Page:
With signs the economy is improving but still fragile, Federal Reserve policymakers are considering whether some programs intended to drive down rates on mortgages and other consumer debt should be slowed down.
Most economists predict Fed Chairman Ben Bernanke and his colleagues won't launch any bold new efforts at the end of a two-day meeting Wednesday.
Fears have grown on Wall Street that the Fed's radical efforts to lift the country out of the longest recession since World War II could ignite inflation later on.
"Injecting additional money into the banking system is a pretty dangerous game right now, and the Fed cannot afford to press on the accelerator amid a potentially inflationary environment," said Richard Yamarone, economist at Argus Research.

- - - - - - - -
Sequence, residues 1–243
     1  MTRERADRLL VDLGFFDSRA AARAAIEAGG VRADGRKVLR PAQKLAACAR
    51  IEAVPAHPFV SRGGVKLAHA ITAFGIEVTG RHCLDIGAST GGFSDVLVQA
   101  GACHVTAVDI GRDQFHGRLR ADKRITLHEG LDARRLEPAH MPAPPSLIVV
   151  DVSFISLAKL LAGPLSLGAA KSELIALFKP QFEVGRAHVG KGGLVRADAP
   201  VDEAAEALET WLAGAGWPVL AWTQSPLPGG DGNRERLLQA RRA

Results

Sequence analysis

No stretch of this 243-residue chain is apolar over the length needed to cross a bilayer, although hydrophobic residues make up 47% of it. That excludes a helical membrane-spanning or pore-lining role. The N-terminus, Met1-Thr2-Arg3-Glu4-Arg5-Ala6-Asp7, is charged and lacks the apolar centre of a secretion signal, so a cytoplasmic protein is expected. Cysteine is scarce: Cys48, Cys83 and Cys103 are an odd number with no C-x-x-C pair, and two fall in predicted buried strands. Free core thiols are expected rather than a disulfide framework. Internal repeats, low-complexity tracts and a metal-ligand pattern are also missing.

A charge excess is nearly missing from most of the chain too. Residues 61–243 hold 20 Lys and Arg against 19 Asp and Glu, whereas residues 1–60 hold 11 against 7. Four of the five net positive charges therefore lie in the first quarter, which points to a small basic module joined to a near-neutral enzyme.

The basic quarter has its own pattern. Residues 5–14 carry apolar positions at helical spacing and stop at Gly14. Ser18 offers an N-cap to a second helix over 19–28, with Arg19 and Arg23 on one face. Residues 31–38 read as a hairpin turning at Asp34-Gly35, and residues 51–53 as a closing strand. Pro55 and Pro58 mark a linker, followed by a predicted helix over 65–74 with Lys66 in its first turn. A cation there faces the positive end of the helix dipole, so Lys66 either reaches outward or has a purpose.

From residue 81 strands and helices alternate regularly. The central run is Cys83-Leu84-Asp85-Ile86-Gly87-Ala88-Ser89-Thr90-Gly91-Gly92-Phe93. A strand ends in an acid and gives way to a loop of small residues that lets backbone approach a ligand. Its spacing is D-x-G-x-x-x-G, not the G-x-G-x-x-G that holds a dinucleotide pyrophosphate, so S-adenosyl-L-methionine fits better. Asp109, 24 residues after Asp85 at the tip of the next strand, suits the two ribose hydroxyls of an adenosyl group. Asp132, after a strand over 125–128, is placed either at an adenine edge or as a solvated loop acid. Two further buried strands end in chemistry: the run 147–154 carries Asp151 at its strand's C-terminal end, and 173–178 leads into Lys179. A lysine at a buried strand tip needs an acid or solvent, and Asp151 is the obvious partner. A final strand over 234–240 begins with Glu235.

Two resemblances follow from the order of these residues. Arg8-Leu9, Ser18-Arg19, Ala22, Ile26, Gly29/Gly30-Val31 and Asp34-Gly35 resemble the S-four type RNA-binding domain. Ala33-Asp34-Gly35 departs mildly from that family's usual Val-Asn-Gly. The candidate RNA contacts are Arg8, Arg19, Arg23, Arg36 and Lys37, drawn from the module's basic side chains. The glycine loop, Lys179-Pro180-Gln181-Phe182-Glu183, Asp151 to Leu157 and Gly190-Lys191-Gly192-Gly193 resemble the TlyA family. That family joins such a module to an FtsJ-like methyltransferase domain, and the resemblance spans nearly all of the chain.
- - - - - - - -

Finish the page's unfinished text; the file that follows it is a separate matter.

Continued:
Wanting to snuff out any rise in inflation expectations, the Fed could opt to tweak its already-announced programs to slow down purchases of either government debt or mortgage-backed securities.
Doing so also could help avert possible market disruptions and make it easier for the Fed to reel in these programs once the economy rebounds.
In March, the Fed launched a bold $1.2 trillion effort to drive down interest rates to try to revive lending and get Americans to spend more freely again.
It said it would spend up to $300 billion to buy long-term government bonds over six months and boost its purchases of mortgage securities. So far, the Fed has bought about $177.5 billion in Treasury bonds.